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5 Things you need to know before getting a Hip or Knee Replacement

1. Prehab is just as important as rehab. If you’re considering a total joint replacement chances are you’ve been living with significant pain for at least a year. Because of your pain you’ve probably had to avoid certain movements and have adopted unconventional ways to do things like put your socks on. While these strategies have helped you get through your daily activities they’ve also allowed some muscles to become lazy, required others to work overtime and forced your body to move differently. You may even have noticed structural changes in the alignment of your hips or knees by this point. When you receive your new joint, these compensations won’t be necessary BUT it will take time for your body to adapt to its new normal. This is where ‘prehabilitation’ comes in. Seeing a physiotherapist before your surgery can help you identify and take care of any issues that may delay your post-operative recovery. By doing a thorough assessment of your strength and mobility we recommend a treatment plan and prescribe appropriate exercises to address your specific needs.


2. Results are NOT guaranteed. We are always very honest with our patients and they appreciate it. Having a total joint replacement surgery is not like changing a lightbulb. When you put the new joint in, you can’t just flick the switch to have it work perfectly again. Rehabilitation after surgery is an extremely labour-intensive process and without putting in the work there is a chance you will be left with less mobility and more pain than even before your surgery. Between ice/heat application, wound care, exercise sessions and proper recovery, rehab is a full-time job for the first 4-6 weeks. Your long-term results WILL depend on the work you put in at the beginning. In fact, most orthopedic surgeons recommend trying physiotherapy before opting for such an invasive procedure. Working with a physiotherapist pre-operatively can not only give you an idea of what the rehab process will be like, but can also prolong the life of your own joints by providing strategies to manage your pain and maximize your function.

“Having a total joint replacement surgery is not like changing a lightbulb. When you put the new joint in, you can’t just flick the switch to have it work perfectly again.”

3. The booklet of exercises they give you in the hospital is not enough. The exercises will be appropriate for the first 1-4 weeks depending on your progress from the acute healing phase BUT these exercises will not be challenging enough to help you achieve full recovery and get back to your pre-surgery activities. This is why physiotherapy plays such an important role in rehabilitation after a total joint replacement. A physiotherapist will be able to prescribe new exercises as you progress, provide gait training and identify the need for manual therapy. It is important to start physiotherapy early to ensure you are on track and maximize the effectiveness of treatment. Most therapists will recommend scheduling your first assessment within two weeks of your surgery.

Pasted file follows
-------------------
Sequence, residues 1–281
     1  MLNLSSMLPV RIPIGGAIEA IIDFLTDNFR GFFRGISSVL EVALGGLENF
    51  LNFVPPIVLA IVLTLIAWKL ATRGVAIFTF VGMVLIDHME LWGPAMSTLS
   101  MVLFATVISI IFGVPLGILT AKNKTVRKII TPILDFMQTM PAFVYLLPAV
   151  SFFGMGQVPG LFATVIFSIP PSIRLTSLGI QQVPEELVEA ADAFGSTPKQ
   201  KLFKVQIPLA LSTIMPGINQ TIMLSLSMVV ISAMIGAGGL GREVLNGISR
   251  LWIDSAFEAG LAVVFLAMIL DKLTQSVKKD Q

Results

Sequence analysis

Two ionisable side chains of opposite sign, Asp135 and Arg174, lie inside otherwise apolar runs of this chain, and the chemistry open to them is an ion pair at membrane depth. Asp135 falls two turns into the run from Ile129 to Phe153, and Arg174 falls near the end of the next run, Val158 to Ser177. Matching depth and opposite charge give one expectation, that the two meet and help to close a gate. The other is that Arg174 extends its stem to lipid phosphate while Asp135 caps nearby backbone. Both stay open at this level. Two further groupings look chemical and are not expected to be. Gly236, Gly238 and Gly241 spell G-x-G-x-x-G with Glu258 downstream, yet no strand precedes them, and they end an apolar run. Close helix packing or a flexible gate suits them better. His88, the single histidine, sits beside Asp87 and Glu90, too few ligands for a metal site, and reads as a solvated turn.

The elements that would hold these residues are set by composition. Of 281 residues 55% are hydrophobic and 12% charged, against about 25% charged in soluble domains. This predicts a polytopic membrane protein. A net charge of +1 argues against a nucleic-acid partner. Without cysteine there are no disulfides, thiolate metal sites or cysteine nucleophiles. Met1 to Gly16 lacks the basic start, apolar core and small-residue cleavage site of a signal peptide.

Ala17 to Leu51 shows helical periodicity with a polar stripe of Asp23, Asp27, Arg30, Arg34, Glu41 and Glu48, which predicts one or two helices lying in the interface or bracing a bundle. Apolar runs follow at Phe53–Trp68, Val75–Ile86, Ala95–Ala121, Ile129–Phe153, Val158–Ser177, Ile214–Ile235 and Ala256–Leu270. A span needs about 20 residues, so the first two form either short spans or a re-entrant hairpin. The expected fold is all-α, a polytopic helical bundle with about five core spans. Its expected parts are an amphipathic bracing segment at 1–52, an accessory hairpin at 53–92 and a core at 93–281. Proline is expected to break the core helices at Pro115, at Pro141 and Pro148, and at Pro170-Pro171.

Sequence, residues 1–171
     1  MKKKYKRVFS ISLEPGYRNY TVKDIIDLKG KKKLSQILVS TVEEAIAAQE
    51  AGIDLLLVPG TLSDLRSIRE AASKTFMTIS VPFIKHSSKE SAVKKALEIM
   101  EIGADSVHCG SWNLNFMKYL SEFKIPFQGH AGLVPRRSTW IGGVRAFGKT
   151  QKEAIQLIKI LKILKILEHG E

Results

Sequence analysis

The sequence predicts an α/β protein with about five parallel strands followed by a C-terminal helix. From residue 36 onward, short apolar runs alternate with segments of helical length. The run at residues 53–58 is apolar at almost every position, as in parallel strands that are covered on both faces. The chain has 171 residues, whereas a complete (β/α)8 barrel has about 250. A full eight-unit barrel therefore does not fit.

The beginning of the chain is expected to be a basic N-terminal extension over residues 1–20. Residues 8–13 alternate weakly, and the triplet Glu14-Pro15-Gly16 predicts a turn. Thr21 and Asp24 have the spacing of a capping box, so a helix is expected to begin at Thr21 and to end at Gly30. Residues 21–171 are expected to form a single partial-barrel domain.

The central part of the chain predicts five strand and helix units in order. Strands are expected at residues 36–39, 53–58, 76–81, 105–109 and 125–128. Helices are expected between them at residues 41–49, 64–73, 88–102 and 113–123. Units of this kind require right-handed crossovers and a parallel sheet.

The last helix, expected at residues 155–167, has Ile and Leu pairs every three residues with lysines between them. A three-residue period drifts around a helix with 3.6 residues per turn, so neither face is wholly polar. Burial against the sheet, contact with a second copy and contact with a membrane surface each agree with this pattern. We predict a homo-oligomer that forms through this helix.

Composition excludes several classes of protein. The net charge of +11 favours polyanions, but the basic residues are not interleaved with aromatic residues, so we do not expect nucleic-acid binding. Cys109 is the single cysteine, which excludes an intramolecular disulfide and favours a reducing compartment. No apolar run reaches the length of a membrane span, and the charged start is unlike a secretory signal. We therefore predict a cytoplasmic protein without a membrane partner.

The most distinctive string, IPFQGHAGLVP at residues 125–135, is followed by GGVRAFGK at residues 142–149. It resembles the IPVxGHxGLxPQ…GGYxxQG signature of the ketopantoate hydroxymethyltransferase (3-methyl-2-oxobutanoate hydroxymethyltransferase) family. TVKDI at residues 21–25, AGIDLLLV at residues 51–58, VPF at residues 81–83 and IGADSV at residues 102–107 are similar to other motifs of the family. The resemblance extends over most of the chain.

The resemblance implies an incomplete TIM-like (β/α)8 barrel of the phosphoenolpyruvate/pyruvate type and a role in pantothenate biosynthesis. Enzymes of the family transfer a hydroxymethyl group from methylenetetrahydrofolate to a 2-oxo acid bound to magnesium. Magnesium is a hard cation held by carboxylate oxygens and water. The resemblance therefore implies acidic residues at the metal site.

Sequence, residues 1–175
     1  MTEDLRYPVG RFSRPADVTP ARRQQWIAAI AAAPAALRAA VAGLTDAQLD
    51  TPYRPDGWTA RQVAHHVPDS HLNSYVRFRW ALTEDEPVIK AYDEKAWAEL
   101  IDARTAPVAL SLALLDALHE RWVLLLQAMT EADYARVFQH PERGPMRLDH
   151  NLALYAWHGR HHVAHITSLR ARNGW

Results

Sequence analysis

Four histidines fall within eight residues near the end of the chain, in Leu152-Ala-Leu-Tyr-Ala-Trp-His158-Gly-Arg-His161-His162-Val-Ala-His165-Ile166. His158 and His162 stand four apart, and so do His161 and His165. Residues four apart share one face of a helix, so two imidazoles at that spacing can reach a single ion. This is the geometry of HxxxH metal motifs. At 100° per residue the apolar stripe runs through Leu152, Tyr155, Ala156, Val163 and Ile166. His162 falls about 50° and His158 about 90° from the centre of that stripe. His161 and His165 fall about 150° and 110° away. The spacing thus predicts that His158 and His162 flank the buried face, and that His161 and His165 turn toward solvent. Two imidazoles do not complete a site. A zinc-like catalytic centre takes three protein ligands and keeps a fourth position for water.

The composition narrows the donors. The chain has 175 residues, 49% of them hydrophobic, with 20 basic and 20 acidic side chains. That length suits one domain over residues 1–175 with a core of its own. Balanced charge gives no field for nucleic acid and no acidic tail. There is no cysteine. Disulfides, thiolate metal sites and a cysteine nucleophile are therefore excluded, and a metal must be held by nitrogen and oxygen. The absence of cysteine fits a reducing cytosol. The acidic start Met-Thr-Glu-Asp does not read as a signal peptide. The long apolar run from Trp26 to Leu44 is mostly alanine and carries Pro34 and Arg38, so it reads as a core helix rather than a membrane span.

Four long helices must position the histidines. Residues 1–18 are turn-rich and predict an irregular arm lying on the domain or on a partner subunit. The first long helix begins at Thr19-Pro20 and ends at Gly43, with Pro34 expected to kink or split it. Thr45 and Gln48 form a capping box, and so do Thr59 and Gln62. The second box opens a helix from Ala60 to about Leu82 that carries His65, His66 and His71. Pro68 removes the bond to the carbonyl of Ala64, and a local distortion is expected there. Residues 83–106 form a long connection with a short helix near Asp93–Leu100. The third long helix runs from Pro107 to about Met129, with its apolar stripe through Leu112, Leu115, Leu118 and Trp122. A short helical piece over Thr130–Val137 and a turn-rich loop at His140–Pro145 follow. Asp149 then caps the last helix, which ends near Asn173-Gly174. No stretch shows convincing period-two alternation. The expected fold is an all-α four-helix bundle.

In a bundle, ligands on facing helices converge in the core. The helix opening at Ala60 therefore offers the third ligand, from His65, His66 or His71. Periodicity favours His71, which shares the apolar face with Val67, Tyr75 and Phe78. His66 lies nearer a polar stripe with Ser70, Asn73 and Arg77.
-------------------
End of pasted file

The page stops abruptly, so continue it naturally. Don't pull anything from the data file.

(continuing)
4. You don’t have to live with the pain. We want our clients to feel their best, so their pain management is critical. We are not going to sugar coat it; immediately after surgery you will be in pain. Most people report that it is a much different type of pain than what they dealt with before surgery, but it is painful nonetheless. In this stage, it is very important to manage your pain levels to allow you to participate in your rehab program and to prevent central sensitization; a condition where your nervous system is in a persistent state of high reactivity, which lowers the threshold for pain and causes your brain to perceive pain in the area even after the initial injury has healed. There are many ways to effectively manage your pain, such as: taking your medication at the prescribed intervals and timing them with your physiotherapy or exercise sessions, applying heat/ice and controlling swelling, deep breathing and meditation and acupuncture. Be aware that many pain medications can cause side effects like dizziness, nausea and constipation so be sure to discuss options with your doctor or pharmacist if you are experiencing side effects.

5. With the right plan you can return to doing what you love to do. Many people are fearful of returning to sports and exercise after surgery but with the proper rehabilitation there is no reason you can’t return to the activities you loved before your surgery. That being said, if you haven’t run a marathon in ten years, now is probably not the time to take up running again. However, if you’ve been training at a high intensity prior to surgery a physiotherapist can provide a progressive exercise program and education to facilitate a safe return to most activities. Each surgeon will have slightly different recommendations on what level of activity is appropriate in the long term so it is important to discuss what your goals are before undergoing a joint replacement procedure.

Just like every person is unique, so is every body and every joint replacement. Our job is to help you both before and after your surgery to give you the confidence, relief and support you need to get back to experience your life to the fullest.


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